Dear Doctor: My niece gave me a weighted blanket for my birthday. I’ll admit I was skeptical, but I’ve used it for a month. she may be right. Instead of waking up several times a night, I sleep soundly. Is it the power of suggestion or is there a reason this is working?
Dear Reader: Weighted blankets have become more popular in recent years. They were originally developed as therapeutic tools to help people with persistent anxiety conditions, such as autism.
Unlike regular comforters, which are made entirely of cloth, weighted blankets are lined with some sort of heavy material inside. , May contain natural fillers such as grains, beans and sand. These fillers are sewn into pockets or channels and positioned so that their weight is evenly distributed throughout the blanket.
A person lying under a weighted blanket feels a gentle sensation of pressure evenly distributed over the entire body. Occupational therapists call this deep touch pressure. Studies have found that this type of compression activates centers in the brain that monitor involuntary processes such as heart rate, blood pressure, breathing, and digestion. It has long been used for individuals with a wide range of sensory impairments, often to beneficial effects.
Studies investigating weighted blankets over the years have observed a variety of potential benefits. These include relief of insomnia in adults with depression, anxiety and attention deficit disorder. will be Reduces anxiety in some children with mental disorders. Improving sleep in elderly people living in nursing homes. The researchers noted that while using the weighted blanket, study participants fell asleep more easily, woke up less frequently during the night, and felt more calm during the day.
A new study from Sweden may link the use of weighted blankets to increased melatonin production. Melatonin is a hormone that plays an important role in the sleep-wake cycle. Researchers found that a group of 26 young adults with no previous sleep disorders produced more melatonin when they used a weighted blanket at night than when they slept on a conventional blanket. Although it’s a small, short study of just two days, the results take the weighted blanket conversation in an interesting direction.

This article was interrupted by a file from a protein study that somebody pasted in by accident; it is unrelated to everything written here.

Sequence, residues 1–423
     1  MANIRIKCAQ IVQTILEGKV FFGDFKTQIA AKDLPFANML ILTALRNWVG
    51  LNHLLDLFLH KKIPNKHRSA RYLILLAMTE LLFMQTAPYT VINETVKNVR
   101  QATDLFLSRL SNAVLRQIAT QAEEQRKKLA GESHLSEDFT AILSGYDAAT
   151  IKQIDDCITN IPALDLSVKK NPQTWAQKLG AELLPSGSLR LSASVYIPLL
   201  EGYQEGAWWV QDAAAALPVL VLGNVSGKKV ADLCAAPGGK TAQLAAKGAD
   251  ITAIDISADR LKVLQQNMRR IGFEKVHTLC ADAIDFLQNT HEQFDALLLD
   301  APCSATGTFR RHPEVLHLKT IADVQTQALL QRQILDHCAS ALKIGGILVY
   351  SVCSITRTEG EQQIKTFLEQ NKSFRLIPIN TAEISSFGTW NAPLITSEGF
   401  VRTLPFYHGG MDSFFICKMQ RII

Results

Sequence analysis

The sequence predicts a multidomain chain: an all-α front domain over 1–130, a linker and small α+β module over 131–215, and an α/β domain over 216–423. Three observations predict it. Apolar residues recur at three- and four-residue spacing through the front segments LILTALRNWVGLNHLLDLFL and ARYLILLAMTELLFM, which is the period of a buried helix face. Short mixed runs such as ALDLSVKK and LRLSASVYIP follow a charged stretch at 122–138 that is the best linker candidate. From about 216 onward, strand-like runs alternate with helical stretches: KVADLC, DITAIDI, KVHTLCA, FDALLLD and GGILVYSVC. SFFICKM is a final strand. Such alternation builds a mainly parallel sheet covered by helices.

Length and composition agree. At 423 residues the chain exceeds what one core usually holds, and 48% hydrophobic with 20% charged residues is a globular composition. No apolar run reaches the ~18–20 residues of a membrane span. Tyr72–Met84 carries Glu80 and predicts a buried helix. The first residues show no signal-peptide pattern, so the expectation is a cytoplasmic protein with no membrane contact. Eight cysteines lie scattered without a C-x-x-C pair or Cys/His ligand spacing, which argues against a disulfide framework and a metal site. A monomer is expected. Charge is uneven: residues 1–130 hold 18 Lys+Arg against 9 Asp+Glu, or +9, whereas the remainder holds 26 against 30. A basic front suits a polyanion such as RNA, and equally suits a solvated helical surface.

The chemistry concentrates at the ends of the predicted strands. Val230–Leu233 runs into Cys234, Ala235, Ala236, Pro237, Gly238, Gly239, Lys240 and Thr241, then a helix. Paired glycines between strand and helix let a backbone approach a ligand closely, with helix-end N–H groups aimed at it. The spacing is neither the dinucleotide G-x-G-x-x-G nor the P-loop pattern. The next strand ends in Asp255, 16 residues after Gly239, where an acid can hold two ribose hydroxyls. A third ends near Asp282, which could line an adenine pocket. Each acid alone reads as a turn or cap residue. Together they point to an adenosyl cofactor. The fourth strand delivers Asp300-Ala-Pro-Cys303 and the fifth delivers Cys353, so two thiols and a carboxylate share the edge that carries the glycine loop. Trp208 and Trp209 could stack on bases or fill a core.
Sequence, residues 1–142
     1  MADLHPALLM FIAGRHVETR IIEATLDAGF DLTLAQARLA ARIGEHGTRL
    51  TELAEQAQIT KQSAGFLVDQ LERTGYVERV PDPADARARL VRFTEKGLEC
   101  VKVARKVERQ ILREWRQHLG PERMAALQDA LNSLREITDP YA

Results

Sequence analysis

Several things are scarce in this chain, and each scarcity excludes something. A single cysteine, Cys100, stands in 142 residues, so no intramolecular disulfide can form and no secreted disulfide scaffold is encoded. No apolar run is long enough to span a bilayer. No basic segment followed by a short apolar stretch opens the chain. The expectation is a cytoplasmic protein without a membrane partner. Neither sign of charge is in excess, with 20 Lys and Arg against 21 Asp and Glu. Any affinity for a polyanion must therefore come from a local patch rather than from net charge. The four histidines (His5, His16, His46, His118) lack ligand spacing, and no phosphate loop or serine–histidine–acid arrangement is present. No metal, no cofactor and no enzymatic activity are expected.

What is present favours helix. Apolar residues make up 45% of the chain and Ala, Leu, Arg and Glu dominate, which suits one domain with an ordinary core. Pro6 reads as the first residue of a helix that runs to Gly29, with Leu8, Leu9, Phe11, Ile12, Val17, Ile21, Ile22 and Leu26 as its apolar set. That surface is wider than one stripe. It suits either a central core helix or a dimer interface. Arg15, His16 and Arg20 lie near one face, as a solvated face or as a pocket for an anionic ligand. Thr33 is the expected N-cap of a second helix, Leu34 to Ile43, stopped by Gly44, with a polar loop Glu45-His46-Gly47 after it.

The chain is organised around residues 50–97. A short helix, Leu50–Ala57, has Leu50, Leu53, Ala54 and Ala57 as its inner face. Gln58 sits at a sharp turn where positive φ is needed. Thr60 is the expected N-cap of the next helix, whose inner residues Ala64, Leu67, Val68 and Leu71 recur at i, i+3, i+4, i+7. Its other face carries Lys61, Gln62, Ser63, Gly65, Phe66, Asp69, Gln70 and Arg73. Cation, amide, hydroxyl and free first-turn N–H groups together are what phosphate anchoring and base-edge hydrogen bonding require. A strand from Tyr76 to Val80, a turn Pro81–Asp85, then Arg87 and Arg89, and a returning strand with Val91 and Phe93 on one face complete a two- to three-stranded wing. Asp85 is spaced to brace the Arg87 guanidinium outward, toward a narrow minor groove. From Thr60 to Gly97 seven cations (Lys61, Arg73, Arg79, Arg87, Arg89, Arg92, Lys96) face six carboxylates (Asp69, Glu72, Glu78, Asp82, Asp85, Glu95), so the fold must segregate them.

The accepted guidance for weighted blankets is to choose products that are 10% or less of a person’s total body weight. The specific material used for stuffing is a matter of personal preference. However, weighted blankets are not for everyone. Never use this product if you cannot remove the cover yourself. This includes infants, young children, elderly or infirm adults. It may also not be suitable for people with certain medical conditions, such as type 2 diabetes, asthma, sleep apnea, low blood pressure, and circulatory problems.
Eve Glazier, MD, MBA, is an internist and Associate Professor of Medicine at UCLA Health. Elizabeth Ko, M.D., is an internist and assistant professor of medicine at UCLA Health.